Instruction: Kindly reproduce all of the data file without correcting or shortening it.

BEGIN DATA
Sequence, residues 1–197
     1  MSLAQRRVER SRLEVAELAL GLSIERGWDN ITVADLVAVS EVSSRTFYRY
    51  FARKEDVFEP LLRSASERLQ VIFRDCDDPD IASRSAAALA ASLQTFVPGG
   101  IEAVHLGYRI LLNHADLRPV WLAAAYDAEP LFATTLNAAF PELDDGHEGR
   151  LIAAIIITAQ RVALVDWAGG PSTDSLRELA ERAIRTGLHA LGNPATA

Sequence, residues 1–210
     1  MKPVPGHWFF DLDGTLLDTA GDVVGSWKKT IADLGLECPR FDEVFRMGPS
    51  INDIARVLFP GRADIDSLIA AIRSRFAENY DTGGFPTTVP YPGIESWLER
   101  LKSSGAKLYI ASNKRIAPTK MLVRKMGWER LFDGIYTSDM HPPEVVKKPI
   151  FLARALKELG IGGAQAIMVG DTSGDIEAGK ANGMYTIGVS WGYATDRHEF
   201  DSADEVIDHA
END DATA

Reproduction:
Sequence, residues 1–197
     1  MSLAQRRVER SRLEVAELAL GLSIERGWDN ITVADLVAVS EVSSRTFYRY
    51  FARKEDVFEP LLRSASERLQ VIFRDCDDPD IASRSAAALA ASLQTFVPGG
   101  IEAVHLGYRI LLNHADLRPV WLAAAYDAEP LFATTLNAAF PELDDGHEGR
   151  LIAAIIITAQ RVALVDWAGG PSTDSLRELA ERAIRTGLHA LGNPATA

Sequence, residues 1–210
     1  MKPVPGHWFF DLDGTLLDTA GDVVGSWKKT IADLGLECPR FDEVFRMGPS
    51  INDIARVLFP GRADIDSLIA AIRSRFAENY DTGGFPTTVP YPGIESWLER
   101  LKSSGAKLYI ASNKRIAPTK MLVRKMGWER LFDGIYTSDM HPPEVVKKPI
   151  FLARALKELG IGGAQAIMVG DTSGDIEAGK ANGMYTIGVS WGYATDRHEF
   201  DSADEVIDHA